* A seven-foot figure of General James Hollingsworth, decorated hero of WWII, Korea, and the Viet Nam Conflict, was dedicated in the spring of 1999 on the campus of Texas A&M University.
Woods County, Oklahoma - To some of you Freedom and Northwest Oklahomans out there: Have you ever heard of a schoolhouse called "Cartop?" Someone believes it may have been near Preston Hill Cemetery (Longitude and Latitude: 36.841ºN,99.027ºW), located in Woods county, Freedom area.
America - 23rd of August - This Day In History: 1902, August 23, Fannie Farmer opens cooking school. For those of you to young to remember, Fannie Farmer was a pioneering cookbook author, who changed the way Americans prepared food by advocating the use of standardized measurements in recipes. Farmer opened a school or cookery in Boston, in 1902. In addition to reaching women about cooking, Farmer later educated medical professionals about the importance of proper nutrition for the sick.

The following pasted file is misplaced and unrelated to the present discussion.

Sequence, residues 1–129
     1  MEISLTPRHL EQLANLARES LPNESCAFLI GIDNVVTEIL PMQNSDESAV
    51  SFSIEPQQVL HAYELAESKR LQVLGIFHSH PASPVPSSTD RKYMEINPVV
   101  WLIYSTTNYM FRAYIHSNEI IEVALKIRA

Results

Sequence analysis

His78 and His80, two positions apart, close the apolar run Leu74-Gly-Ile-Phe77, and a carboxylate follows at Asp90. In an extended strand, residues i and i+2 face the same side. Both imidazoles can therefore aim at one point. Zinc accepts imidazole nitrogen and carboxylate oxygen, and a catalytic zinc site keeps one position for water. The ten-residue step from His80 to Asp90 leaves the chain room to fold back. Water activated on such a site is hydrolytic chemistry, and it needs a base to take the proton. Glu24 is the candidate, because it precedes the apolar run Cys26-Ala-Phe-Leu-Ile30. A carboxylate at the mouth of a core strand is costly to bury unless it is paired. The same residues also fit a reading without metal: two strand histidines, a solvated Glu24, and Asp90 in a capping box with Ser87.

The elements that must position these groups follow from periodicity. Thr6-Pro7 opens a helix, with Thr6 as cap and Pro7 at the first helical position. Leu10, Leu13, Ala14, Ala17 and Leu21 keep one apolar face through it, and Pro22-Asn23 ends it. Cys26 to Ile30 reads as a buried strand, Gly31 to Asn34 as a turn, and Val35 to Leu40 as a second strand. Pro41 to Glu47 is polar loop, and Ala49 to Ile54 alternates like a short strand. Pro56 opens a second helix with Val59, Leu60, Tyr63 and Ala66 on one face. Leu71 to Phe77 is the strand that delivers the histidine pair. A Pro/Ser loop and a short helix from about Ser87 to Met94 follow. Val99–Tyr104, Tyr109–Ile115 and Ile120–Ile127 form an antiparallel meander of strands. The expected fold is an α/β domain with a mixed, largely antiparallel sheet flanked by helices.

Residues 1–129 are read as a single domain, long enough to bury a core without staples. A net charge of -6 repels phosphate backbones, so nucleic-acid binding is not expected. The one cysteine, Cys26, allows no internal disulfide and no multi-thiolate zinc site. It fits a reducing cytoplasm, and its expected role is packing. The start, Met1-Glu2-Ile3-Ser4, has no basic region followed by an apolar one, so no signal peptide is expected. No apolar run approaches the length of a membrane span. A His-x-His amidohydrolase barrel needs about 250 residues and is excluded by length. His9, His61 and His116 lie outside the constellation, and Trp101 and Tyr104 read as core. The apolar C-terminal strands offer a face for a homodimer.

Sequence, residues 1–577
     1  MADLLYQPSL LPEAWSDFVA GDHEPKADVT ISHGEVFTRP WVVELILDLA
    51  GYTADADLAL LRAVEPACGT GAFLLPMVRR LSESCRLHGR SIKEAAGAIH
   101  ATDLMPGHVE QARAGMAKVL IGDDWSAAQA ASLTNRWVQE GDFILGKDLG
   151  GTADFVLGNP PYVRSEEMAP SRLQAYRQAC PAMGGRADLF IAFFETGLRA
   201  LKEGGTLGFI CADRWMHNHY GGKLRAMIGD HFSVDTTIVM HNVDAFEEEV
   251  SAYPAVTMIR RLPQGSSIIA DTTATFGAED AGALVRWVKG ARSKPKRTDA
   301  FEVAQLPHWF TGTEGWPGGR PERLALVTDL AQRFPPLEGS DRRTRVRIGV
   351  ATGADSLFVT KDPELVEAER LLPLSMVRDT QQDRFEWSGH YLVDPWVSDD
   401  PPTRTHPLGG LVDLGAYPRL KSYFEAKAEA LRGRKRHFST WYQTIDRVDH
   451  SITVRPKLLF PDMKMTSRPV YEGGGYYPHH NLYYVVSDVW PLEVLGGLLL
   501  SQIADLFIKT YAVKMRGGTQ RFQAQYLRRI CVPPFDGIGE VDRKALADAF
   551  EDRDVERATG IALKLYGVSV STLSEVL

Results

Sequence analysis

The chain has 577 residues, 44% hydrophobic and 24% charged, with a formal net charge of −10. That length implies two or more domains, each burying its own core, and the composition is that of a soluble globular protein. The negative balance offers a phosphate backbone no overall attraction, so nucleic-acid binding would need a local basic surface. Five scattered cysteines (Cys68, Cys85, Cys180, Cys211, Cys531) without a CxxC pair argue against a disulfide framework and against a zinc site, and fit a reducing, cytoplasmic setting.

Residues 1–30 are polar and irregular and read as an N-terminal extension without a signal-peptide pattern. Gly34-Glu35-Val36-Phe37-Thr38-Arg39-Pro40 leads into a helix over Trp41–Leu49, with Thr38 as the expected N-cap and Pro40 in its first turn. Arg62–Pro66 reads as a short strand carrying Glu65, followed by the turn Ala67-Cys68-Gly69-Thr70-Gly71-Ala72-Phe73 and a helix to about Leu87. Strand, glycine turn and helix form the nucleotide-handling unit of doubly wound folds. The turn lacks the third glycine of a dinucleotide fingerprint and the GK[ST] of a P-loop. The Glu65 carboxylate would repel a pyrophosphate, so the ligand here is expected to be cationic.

Fannie Farmer was born March 23, 1857, raised near Boston, Massachusetts. Her family believed in education for women and Fannie attended Medford High School. As a teenager she suffered a paralytic stroke that turned her into a homebound invalid for a period of years. As a result, she was unable to complete high school or attend college and her illness left her with a permanent limp. When she was in her early 30s, she attended the Boston Cooking school.